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Pregnant patients in deprived neighborhoods more likely to develop gestational diabetes

Kaiser Permanente study finds risk greater regardless of racial or ethnic background

Pregnant patients living in a deprived neighborhood are more likely to develop gestational diabetes, and the likelihood increases the more economically and socially deprived a neighborhood is, according to new Kaiser Permanente research published in Obstetrics & Gynecology.

The study accounted for known risk factors of gestational diabetes, and still showed a major role for neighborhood deprivation, said lead author Emily Liu, MPH, a programmer analyst with the Kaiser Permanente Division of Research who is pursuing a PhD in epidemiology. “We looked at this relationship in many different ways,” Liu said. “And we found that the results were still robust, and that there was a linear trend, showing the risk increased with higher deprivation.”

Emily Liu, MPH

The researchers used a neighborhood deprivation index that measures socioeconomic status using 8 different metrics, including households in poverty, rates of crowded housing and unemployment, and education levels of residents.

About half of the increased risk may be explained by patients with overweight or obesity, a major risk factor for gestational diabetes. It is a condition that can lead to serious health risks for both mother and baby during the pregnancy and raise the likelihood of long-term health issues after birth.

The relationship between neighborhood deprivation and gestational diabetes risk were not significantly different by race and ethnicity, the study showed.

“Other research has shown race and ethnicity are risk factors for gestational diabetes,” said senior author Monique Hedderson, PhD, a research scientist with the Division of Research. “But it seems that, in addition to racial and ethnic group, neighborhood is also a really important factor. These findings were across the board.”

The analysis included 214,375 pregnancies among Kaiser Permanente Northern California members; 11.3% had gestational diabetes. Prevalence of the condition ranged from 10% in the least deprived areas to 12.7% in the most deprived.

Monique Hedderson, PhD

The researchers looked at factors that might mediate, or explain, the increased risk of gestational diabetes, including pre-pregnancy BMI, weight gain during pregnancy, smoking, and illegal drug use. BMI mediated 45.8% of the association between neighborhood deprivation and gestational diabetes, and the other factors contributed little or none to the results.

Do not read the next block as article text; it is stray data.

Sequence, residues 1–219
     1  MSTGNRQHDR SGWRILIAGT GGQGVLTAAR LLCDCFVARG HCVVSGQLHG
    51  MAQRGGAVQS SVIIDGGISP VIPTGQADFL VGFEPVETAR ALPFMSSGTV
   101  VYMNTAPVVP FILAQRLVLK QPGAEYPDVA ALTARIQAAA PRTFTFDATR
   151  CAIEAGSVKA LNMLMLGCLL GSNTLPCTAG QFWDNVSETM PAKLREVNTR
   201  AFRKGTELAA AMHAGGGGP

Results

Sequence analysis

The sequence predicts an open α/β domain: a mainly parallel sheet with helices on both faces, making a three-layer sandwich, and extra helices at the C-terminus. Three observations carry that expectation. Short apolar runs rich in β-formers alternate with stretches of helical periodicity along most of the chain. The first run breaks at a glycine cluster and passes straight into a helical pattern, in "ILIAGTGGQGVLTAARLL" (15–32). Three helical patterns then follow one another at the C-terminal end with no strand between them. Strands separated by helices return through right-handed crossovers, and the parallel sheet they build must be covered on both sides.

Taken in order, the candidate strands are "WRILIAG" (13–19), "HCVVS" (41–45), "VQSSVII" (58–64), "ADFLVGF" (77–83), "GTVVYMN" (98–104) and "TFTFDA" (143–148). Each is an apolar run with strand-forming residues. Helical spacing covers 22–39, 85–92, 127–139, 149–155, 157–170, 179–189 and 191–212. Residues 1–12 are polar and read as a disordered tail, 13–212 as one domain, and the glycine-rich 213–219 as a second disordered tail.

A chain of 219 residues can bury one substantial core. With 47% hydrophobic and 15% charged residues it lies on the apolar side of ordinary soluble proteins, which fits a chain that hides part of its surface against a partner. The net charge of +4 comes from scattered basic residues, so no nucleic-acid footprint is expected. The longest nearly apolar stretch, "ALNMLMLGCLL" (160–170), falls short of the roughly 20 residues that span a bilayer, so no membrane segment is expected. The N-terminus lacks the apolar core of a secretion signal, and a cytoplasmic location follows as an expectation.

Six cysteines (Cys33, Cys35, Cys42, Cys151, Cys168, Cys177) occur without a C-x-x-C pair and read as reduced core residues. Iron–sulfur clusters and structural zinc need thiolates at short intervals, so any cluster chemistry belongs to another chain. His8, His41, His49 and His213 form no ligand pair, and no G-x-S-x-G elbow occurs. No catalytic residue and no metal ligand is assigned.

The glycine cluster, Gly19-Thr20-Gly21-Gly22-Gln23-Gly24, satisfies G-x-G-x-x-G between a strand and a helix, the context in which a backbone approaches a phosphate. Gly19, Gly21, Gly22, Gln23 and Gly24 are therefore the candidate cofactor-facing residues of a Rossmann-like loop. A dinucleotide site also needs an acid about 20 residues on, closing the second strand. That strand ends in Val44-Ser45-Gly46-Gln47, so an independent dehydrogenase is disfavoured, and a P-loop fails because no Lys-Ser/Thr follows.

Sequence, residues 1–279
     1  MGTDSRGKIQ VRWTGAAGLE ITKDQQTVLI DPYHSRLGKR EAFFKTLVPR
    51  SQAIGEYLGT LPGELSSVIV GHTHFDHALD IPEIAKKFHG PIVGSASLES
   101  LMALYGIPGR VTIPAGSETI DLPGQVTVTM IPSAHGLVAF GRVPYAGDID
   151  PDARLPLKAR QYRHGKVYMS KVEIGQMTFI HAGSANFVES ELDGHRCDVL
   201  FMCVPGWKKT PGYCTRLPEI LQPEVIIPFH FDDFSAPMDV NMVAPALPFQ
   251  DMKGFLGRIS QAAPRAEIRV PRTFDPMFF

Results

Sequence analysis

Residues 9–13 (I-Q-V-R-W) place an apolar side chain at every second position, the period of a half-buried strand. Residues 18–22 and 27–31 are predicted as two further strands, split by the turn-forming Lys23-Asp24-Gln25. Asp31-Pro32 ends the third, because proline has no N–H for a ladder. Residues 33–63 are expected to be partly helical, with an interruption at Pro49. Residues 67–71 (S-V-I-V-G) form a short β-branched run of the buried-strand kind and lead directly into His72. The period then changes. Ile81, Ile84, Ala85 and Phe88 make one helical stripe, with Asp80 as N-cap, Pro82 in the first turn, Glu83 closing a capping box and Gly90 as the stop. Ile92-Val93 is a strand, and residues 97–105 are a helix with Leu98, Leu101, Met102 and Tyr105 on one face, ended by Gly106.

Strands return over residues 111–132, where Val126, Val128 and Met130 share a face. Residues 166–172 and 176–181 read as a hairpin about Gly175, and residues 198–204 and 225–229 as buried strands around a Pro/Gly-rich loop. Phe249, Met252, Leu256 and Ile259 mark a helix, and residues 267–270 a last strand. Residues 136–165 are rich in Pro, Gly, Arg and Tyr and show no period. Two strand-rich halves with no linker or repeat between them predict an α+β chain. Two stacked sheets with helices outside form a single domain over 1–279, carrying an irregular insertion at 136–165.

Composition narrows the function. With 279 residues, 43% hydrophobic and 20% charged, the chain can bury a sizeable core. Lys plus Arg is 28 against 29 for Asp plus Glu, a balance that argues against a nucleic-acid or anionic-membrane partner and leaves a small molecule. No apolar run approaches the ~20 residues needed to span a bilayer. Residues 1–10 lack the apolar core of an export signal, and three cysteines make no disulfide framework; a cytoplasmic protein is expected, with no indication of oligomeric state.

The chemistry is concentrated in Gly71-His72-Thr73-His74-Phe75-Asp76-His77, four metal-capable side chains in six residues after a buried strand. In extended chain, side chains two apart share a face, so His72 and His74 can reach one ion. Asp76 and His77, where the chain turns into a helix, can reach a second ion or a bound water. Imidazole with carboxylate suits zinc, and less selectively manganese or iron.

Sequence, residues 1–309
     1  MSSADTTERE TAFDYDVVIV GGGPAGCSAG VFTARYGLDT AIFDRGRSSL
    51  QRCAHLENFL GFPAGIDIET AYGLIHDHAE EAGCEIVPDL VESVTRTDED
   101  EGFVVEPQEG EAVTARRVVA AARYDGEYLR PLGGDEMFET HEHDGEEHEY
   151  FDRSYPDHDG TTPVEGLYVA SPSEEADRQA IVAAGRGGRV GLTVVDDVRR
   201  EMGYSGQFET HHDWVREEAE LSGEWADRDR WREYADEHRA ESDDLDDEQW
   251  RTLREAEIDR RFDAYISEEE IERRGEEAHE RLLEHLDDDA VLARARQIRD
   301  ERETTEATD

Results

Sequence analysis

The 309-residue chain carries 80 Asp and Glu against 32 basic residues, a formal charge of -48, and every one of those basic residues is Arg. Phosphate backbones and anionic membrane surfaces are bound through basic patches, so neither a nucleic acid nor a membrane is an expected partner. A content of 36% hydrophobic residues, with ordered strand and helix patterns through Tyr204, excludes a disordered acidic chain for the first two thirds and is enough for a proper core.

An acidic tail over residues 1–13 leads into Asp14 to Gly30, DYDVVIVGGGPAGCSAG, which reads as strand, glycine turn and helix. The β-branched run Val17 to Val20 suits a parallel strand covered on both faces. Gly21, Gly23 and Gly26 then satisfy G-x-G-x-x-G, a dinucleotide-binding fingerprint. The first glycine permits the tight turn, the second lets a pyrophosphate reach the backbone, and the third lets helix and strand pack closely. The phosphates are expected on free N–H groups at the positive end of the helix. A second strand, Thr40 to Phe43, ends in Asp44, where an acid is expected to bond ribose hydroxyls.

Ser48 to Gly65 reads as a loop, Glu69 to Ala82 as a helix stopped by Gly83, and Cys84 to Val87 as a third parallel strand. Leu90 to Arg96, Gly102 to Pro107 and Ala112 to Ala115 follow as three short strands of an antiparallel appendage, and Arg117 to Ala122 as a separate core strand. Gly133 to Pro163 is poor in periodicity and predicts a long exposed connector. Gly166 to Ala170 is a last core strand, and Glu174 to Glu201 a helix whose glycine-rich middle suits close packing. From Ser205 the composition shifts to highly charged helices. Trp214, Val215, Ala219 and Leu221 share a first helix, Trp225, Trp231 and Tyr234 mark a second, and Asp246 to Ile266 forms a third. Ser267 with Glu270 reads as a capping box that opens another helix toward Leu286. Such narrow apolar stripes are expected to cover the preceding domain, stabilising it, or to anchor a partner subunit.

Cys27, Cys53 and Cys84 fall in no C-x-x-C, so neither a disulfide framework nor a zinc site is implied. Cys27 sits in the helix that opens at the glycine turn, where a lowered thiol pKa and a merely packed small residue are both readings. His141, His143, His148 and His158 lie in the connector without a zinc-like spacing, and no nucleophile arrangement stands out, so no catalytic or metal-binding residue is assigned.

The authors said their analysis did not identify what specifically about a deprived neighborhood might increase the disease risk. “There are many factors that might be involved, including access to healthy food, safety and walkability to get exercise, and/or stress,” Hedderson said. “That would be something for future research to explore.”

The results add to the growing evidence about how factors outside of the health care system impact health outcomes, said co-author Mara Greenberg, MD, a maternal fetal medicine specialist and co-director of the Kaiser Permanente Regional Perinatal Service Center. “This adds to our growing understanding of the way social drivers of health can have intergenerational impacts on families, because gestational diabetes impacts not just maternal health but that of the offspring,” Greenberg said. “And that impact extends into childhood and impacts the offspring’s own metabolic health.”

The study was funded by the National Institutes of Health and the Kaiser Permanente Health Policy and Disparities Research Program.

Additional co-authors were Assiamira Ferrara, MD, PhD, and Sneha B. Sridhar, MPH, of the Division of Research.

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About the Kaiser Permanente Division of Research

The Kaiser Permanente Division of Research conducts, publishes and disseminates epidemiologic and health services research to improve the health and medical care of Kaiser Permanente members and society at large. It seeks to understand the determinants of illness and well-being, and to improve the quality and cost-effectiveness of health care. Currently, DOR’s 600-plus staff is working on more than 450 epidemiological and health services research projects. For more information, visit or follow us @KPDOR.


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